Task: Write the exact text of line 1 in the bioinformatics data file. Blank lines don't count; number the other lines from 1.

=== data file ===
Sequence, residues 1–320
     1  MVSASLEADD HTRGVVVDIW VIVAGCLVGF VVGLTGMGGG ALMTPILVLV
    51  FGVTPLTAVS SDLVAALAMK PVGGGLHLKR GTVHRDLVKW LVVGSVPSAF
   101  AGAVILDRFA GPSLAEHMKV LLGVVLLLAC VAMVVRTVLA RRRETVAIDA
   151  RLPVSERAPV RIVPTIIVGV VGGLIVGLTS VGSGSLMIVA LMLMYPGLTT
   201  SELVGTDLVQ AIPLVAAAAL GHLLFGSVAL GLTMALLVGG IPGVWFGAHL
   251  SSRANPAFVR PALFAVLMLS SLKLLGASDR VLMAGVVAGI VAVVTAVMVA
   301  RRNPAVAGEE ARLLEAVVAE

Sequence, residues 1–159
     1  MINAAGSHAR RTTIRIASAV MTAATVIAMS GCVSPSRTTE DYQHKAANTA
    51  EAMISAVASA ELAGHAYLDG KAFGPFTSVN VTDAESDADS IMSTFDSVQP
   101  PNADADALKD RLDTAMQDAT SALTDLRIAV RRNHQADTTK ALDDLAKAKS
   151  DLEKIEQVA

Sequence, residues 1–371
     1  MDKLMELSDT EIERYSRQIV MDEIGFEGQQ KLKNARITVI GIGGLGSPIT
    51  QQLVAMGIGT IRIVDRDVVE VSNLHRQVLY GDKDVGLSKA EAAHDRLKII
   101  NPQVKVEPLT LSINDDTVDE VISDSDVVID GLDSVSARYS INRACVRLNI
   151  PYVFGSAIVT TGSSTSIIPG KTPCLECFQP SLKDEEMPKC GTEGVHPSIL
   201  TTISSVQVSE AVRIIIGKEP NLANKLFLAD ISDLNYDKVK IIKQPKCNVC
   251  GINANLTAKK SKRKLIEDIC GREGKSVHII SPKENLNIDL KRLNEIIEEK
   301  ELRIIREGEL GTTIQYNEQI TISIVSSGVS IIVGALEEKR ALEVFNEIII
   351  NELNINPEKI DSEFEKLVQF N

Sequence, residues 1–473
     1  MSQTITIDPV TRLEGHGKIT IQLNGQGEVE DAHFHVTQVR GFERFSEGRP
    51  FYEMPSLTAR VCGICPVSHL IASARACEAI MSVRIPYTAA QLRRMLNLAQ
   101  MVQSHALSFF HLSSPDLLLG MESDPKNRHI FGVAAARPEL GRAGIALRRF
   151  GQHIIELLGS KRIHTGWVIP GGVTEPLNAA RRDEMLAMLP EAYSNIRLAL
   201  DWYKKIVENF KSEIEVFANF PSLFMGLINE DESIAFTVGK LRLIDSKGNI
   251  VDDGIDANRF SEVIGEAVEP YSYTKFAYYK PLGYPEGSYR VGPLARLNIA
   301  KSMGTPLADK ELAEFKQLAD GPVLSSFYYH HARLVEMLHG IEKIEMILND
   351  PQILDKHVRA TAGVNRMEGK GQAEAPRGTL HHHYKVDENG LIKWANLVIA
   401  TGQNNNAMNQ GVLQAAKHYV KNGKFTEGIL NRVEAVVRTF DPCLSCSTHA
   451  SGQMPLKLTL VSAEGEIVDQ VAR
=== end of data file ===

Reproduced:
Sequence, residues 1–320